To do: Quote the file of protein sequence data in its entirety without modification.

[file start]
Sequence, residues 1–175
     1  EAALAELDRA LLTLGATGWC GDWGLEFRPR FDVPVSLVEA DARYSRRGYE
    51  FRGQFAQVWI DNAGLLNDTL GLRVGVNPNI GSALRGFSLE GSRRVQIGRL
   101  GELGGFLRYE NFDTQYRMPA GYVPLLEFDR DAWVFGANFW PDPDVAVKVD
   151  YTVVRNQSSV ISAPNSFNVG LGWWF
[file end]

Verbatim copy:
Sequence, residues 1–175
     1  EAALAELDRA LLTLGATGWC GDWGLEFRPR FDVPVSLVEA DARYSRRGYE
    51  FRGQFAQVWI DNAGLLNDTL GLRVGVNPNI GSALRGFSLE GSRRVQIGRL
   101  GELGGFLRYE NFDTQYRMPA GYVPLLEFDR DAWVFGANFW PDPDVAVKVD
   151  YTVVRNQSSV ISAPNSFNVG LGWWF